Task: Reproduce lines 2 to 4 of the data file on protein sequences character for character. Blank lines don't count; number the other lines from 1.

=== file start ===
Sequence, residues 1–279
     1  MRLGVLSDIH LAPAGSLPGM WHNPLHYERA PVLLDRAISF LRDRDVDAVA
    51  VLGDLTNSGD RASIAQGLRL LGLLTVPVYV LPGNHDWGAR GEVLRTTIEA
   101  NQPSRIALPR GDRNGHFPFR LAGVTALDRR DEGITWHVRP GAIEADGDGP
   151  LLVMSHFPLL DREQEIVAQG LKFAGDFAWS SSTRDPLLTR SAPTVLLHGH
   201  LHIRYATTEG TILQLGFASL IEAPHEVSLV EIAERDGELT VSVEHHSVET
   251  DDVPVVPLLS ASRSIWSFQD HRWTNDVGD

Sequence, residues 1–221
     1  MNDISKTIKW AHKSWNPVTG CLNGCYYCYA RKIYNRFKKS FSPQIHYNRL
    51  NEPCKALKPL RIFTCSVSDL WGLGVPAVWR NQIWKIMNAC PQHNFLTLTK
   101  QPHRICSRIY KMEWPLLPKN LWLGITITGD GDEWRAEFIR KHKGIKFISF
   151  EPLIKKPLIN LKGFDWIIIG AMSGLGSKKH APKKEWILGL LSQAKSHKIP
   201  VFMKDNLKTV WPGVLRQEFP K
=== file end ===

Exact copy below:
     1  MRLGVLSDIH LAPAGSLPGM WHNPLHYERA PVLLDRAISF LRDRDVDAVA
    51  VLGDLTNSGD RASIAQGLRL LGLLTVPVYV LPGNHDWGAR GEVLRTTIEA
   101  NQPSRIALPR GDRNGHFPFR LAGVTALDRR DEGITWHVRP GAIEADGDGP